WoW gamers will then later get to vote on which bike gets digitized and made available for play. And, Paul Teutul Jr. is charge of the whole build process. We could not make this up if we tried.

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American Chopper Cancelled: Thank You Jesus?

11/16/2012 @ 6:20 pm, by Jensen Beeler50 COMMENTS

After 10 years and 233 episodes on the air, American Chopper is finally getting dragged out behind the shed, and put out of its misery on December 11th, 2012. It has been a long road with the Teutul family, as for the past decade we have watched the Oedipal struggle between Paul Jr. and Paul Sr., with man-child Mikey trapped in the middle, serving as the only adult in the group.

Things started out well enough, with the folks at Orange County Choppers making some interesting customs, and exposing a mainstream TV audience to the world of motorcycles…albeit in the same lowest-common denominator way that is typically found on WWF’s Monday Night RAW.

Like all good Hollywood dreams, the money started to trickle in for “theme” bikes on the show. Turning what should have been an exposé of mechanical craftsmanship into a marketing/PR circle-jerk with the Teutul family’s severe anger-management issues as the sideshow distraction.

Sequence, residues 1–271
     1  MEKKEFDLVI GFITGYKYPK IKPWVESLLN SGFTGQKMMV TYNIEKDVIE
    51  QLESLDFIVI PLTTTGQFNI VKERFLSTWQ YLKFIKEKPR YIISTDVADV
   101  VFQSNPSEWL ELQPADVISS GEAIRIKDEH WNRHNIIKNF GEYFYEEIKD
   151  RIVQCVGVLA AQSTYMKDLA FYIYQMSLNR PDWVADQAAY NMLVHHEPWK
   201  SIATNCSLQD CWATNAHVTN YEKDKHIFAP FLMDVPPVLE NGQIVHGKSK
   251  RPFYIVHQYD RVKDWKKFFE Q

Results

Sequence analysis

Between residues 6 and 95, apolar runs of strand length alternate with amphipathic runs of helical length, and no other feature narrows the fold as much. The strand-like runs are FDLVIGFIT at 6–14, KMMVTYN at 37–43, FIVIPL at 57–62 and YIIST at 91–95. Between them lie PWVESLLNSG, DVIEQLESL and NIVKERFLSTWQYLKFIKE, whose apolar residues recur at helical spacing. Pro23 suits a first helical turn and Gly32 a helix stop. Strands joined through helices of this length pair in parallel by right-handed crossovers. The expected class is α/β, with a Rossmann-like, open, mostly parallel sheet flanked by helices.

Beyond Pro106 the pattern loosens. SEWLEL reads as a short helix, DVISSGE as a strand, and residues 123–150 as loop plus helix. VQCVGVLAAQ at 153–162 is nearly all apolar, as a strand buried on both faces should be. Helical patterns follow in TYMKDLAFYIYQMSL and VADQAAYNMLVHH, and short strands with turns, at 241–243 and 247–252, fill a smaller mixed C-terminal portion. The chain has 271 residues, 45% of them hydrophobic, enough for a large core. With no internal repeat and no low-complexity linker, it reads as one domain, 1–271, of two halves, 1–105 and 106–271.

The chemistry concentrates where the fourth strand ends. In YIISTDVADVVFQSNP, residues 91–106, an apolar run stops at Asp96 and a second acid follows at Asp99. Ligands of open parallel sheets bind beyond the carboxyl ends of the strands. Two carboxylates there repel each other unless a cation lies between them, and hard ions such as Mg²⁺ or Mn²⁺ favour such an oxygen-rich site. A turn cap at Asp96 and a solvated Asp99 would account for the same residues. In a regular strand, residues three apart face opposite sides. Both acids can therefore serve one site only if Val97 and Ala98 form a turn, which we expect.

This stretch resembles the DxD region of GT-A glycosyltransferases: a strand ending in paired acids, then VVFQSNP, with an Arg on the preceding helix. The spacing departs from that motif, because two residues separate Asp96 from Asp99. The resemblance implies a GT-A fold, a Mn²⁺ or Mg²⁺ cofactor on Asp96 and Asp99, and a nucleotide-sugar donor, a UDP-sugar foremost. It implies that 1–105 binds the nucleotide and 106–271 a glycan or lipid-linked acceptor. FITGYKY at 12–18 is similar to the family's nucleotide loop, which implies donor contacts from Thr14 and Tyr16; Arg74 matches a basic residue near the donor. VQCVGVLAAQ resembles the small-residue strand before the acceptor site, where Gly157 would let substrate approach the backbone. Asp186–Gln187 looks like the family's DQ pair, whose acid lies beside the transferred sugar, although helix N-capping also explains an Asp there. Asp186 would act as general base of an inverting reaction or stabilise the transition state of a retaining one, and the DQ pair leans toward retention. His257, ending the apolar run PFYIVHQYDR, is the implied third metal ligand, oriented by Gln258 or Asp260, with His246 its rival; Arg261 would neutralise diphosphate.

Somewhere within the plot lines of Paul Sr.’s bicep size, and his battle with son on who can more perfectly fit the description of narcissism in the DSM-IV, bikes were made…but really we just showed up to see how many chairs could be thrown across the room in a single episode, or how often Paul Jr. could act like a spoiled brat.

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Orange County Choppers Facing Foreclosure

01/27/2011 @ 11:46 am, by Jensen Beeler40 COMMENTS

Unless you’ve been living under a rock, only have basic cable, and don’t frequent moustache competitions, you’ve likely heard of Orange County Choppers, American Chopper, and the Teutul family. Originally started by father (Paul Sr.) and son (Paul Jr.), the small theme bike builders of Orange County Choppers came to fame when The Discovery Channel (later moved to The Learning Channel) picked them up for its hit show American Chopper.

Usually centering around a bike with spider theme, and the generally dysfunctional relationship between Paul Sr. and his sons, the show almost hit the skids when Paul Jr. left the company to start his own venture Paul Jr. Designs.